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Bill’s Bakery

Homemade goods help Iowa pastor connect with the community.

In just over a year as lead pastor at Council Bluffs First Assembly of God, Bill Hartman has established a reputation as “the doughnut guy.”

Through his 5-year-old side hobby called “Bill’s Bakery,” Hartman has become well-known not only for the made-from-scratch baked goods he brings to church functions, but also for those he distributes gratis within the community.

Hartman has provided doughnuts, cinnamon rolls, and other baked goods to first responders, businesses, and organizations, allowing him to bless others while becoming a familiar face within the community.

“I’m just using the gift God has given me,” Hartman says. “I never dreamed it would open up the doors that it has.”

Hartman and his wife, Linda, came full circle to pastor in the western Iowa city of 62,600. Hartman sensed a call to ministry while managing a Village Inn and attending the same Council Bluffs church in the 1980s. He and Linda left for Trinity Bible College in Ellendale, North Dakota, in 1984.

During their college years, the Hartmans took jobs at Fran’s Bakery, where they learned to make a variety of tasty items such as doughnuts, cinnamon rolls, apple fritters, and long johns from scratch.

Hartman graduated from Trinity in 1988. He pastored in Keokuk and Des Moines, Iowa; Lisbon, North Dakota; and Arlington, Washington, before becoming lead pastor in Council Bluffs in February 2016.

Hartman fell back into the baking groove five years ago when, while pastoring in Arlington, he purchased a 20-quart mixer and the church bought him a tabletop fryer.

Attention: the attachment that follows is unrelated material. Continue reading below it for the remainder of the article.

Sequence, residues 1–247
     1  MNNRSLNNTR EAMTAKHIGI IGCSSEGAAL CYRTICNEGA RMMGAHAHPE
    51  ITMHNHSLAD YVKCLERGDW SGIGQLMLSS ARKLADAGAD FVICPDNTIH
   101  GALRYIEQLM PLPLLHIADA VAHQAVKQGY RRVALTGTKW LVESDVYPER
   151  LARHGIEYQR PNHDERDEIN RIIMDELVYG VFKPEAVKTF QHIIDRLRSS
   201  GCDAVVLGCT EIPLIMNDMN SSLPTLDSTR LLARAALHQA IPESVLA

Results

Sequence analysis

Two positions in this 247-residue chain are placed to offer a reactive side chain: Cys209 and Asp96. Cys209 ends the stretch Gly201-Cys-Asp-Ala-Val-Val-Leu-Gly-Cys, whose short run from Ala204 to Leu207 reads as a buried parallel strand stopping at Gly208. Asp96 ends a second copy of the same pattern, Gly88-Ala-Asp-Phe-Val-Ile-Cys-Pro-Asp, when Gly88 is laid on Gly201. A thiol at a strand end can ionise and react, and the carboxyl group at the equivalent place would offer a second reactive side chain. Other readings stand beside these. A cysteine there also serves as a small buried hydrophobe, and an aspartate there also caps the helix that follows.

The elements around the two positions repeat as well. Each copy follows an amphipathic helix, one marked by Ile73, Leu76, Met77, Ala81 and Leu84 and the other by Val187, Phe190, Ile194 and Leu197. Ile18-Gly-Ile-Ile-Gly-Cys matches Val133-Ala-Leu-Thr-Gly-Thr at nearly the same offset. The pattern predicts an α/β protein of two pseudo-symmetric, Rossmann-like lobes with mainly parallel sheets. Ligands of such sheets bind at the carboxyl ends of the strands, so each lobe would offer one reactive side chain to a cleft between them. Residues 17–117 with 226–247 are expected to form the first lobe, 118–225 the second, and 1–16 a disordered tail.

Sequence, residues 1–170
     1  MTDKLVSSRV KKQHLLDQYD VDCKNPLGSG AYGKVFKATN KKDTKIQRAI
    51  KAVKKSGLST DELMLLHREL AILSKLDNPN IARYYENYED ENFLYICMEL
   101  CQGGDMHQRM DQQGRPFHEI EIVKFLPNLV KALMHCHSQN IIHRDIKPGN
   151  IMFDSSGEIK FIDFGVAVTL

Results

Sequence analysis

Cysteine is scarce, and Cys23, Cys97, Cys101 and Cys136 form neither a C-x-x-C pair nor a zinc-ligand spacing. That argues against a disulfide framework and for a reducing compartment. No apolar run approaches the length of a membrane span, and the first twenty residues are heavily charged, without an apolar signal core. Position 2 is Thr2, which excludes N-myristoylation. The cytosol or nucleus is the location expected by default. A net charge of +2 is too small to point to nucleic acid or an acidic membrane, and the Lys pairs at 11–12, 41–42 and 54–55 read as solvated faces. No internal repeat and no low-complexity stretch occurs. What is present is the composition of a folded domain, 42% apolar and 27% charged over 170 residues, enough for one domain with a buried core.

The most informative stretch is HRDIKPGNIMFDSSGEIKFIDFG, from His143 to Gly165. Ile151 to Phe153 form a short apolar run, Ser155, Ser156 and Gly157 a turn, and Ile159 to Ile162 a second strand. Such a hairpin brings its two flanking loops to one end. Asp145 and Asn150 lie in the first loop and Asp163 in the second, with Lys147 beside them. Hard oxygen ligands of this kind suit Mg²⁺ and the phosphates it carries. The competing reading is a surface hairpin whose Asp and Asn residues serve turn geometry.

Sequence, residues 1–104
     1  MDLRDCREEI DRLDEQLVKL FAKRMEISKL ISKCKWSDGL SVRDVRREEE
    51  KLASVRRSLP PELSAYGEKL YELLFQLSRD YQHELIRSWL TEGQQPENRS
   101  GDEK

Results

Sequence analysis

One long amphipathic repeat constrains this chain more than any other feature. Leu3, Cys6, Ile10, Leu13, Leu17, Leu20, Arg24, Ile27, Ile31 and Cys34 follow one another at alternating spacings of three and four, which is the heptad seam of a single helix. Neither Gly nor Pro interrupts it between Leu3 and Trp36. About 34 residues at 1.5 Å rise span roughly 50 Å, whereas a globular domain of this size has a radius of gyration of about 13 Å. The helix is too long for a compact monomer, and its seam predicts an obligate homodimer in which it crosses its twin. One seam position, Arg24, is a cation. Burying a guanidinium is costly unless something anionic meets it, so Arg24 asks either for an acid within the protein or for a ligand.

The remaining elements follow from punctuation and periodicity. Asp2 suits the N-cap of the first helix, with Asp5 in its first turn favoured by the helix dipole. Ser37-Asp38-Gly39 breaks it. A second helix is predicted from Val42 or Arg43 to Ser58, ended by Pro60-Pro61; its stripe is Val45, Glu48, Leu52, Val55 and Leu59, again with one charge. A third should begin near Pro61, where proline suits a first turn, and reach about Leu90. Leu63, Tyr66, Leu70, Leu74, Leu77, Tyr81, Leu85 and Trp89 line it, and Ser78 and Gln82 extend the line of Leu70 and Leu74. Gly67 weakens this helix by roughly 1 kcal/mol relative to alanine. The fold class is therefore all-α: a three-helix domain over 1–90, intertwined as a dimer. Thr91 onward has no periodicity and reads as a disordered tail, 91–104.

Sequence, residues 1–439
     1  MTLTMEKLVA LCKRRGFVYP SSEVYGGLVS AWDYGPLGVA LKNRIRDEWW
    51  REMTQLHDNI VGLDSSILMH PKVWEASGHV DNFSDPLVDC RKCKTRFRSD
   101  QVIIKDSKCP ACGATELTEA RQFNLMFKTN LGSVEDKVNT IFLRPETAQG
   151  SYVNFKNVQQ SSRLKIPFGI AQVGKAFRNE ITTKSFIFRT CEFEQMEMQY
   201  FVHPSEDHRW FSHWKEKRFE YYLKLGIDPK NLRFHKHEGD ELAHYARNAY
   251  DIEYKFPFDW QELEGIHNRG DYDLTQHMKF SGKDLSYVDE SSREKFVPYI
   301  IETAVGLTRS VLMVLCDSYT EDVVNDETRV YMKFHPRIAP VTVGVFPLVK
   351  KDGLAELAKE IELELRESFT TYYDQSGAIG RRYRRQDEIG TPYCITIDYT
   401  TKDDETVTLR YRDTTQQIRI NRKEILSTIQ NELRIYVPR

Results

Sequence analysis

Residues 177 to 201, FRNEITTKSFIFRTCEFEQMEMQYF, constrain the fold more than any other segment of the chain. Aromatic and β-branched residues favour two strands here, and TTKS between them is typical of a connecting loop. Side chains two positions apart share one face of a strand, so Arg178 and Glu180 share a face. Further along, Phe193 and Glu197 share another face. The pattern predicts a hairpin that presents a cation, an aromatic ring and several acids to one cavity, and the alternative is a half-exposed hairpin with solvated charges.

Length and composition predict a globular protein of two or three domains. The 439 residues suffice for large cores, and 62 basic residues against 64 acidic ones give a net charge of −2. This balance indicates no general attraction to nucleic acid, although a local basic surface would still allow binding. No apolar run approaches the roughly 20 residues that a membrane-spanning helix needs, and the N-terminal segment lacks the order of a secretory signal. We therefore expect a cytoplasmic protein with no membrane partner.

Since moving to Council Bluffs, Hartman has made dozens of doughnuts for the local fire and police departments, as well as local businesses, neighborhood block parties, and statewide events for the Iowa Ministry Network. Other times, he simply takes a dozen or two around the community to see where God leads him.  

Children’s pastor Sheri Kasper says along with making the church more visible, Hartman’s leadership has energized congregants to reach out themselves, spurring an influx of volunteers.

“Watching our pastor spend his time and his gift – working through the night making doughnuts and serving the community – sets the tone,” Kasper says. “It has really prompted the congregation to step up and step out.”

Ian Richardson

Ian Richardson is a 2014 graduate of Evangel University and former intern with the Pentecostal Evangel. He is originally from Afton, Iowa, where he grew up as the son of an Assemblies of God pastor.